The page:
The name Ruby comes from the name of a red precious stone, which is the birthstone for July. The word 'ruby' derives from the Latin word 'ruber,' which means red.
Ruby is a relatively modern name. It only became commonly used as a given name in the 19th century. It rose in popularity during the late Victorian era, when a trend developed for naming baby girls after gemstones, as it was believed that the 'precious' name would bring them luck and prosperity.In England and Wales the name Ruby saw a sharp surge in popularity between 2004 - when it was the 31st most popular name given to baby girls - and 2007 when it became the most popular name given to baby girls.
The craze for calling baby girls Ruby has now begun to die down and while it still remains popular, it no longer holds the top spot and came in as the 12th most popular name given to baby girls born in 2012.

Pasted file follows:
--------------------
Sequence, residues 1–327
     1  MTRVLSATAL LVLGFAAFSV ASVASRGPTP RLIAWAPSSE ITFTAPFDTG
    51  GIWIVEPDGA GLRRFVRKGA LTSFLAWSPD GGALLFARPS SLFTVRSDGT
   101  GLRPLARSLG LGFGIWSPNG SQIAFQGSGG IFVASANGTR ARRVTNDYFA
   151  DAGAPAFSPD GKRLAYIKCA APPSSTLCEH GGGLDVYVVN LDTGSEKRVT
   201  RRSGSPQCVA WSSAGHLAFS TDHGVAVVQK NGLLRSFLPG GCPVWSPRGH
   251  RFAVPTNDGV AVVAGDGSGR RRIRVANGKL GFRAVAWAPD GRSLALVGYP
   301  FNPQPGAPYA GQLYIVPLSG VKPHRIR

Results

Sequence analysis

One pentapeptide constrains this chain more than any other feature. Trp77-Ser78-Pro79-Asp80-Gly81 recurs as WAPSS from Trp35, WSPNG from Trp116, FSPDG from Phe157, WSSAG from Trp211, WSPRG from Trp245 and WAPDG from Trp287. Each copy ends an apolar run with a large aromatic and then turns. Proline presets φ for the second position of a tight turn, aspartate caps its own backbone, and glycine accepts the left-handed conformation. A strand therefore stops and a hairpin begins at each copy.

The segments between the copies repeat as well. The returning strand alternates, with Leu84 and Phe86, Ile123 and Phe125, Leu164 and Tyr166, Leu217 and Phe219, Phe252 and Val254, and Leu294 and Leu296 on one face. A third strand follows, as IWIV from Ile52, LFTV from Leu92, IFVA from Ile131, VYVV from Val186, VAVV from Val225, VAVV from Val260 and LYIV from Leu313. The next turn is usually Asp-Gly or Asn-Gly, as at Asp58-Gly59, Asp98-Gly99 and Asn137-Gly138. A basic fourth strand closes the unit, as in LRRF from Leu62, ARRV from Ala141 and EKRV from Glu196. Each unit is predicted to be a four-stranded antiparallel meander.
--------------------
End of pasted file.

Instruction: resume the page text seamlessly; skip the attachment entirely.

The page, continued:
Famous people called Ruby:
Ruby Wax, comedian
Ruby Stewart, model
Ruby Dee, actor
Ruby Nash Garnett, singer in the rhythm and blues group Ruby & The Romantics
Ruby Murray, Irish singer
Can be shortened to: Rubes
Surnames to avoid pairing with the name Ruby:
Surnames beginning with an 'E' or 'Y' might cause problems, as when said aloud this combination of sounds may result in elision – when two words slurred together end up sounding like one.
It may also be wise to give this name a miss if your surname is Murray. You may think that the name is a fitting tribute to the 1950s singer Ruby Murray, but it is more likely to bring to mind the cockney rhyming slang for curry.
Similar names: Rubiana (Indian), Rubetta (Latin), Rubi (MUslim), Rubie (French) Rubina (English).
Masculine variants: Reuben, Reu.
Celebrities who named their baby Ruby:
Rod Stewart, musician
Tobey Maguire, actor
Charlotte Church, singer
Gavin Henson, rugby player
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